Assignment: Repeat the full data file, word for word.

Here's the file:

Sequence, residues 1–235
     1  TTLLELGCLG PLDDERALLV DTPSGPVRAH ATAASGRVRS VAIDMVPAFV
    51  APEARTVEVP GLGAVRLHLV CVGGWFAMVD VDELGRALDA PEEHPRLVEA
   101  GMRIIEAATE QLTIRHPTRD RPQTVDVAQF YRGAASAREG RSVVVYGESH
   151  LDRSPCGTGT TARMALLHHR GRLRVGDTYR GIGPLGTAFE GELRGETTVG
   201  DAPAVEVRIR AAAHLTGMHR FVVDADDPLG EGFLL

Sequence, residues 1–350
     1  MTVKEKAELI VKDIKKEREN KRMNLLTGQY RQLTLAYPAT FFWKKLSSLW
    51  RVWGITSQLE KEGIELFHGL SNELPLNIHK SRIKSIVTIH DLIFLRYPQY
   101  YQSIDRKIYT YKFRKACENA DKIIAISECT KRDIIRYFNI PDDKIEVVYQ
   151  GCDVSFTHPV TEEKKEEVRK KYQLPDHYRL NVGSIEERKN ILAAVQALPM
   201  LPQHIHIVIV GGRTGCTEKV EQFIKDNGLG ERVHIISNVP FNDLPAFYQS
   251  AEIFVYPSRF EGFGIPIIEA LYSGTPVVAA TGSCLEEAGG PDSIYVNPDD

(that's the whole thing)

Sequence, residues 1–235
     1  TTLLELGCLG PLDDERALLV DTPSGPVRAH ATAASGRVRS VAIDMVPAFV
    51  APEARTVEVP GLGAVRLHLV CVGGWFAMVD VDELGRALDA PEEHPRLVEA
   101  GMRIIEAATE QLTIRHPTRD RPQTVDVAQF YRGAASAREG RSVVVYGESH
   151  LDRSPCGTGT TARMALLHHR GRLRVGDTYR GIGPLGTAFE GELRGETTVG
   201  DAPAVEVRIR AAAHLTGMHR FVVDADDPLG EGFLL

Sequence, residues 1–350
     1  MTVKEKAELI VKDIKKEREN KRMNLLTGQY RQLTLAYPAT FFWKKLSSLW
    51  RVWGITSQLE KEGIELFHGL SNELPLNIHK SRIKSIVTIH DLIFLRYPQY
   101  YQSIDRKIYT YKFRKACENA DKIIAISECT KRDIIRYFNI PDDKIEVVYQ
   151  GCDVSFTHPV TEEKKEEVRK KYQLPDHYRL NVGSIEERKN ILAAVQALPM
   201  LPQHIHIVIV GGRTGCTEKV EQFIKDNGLG ERVHIISNVP FNDLPAFYQS
   251  AEIFVYPSRF EGFGIPIIEA LYSGTPVVAA TGSCLEEAGG PDSIYVNPDD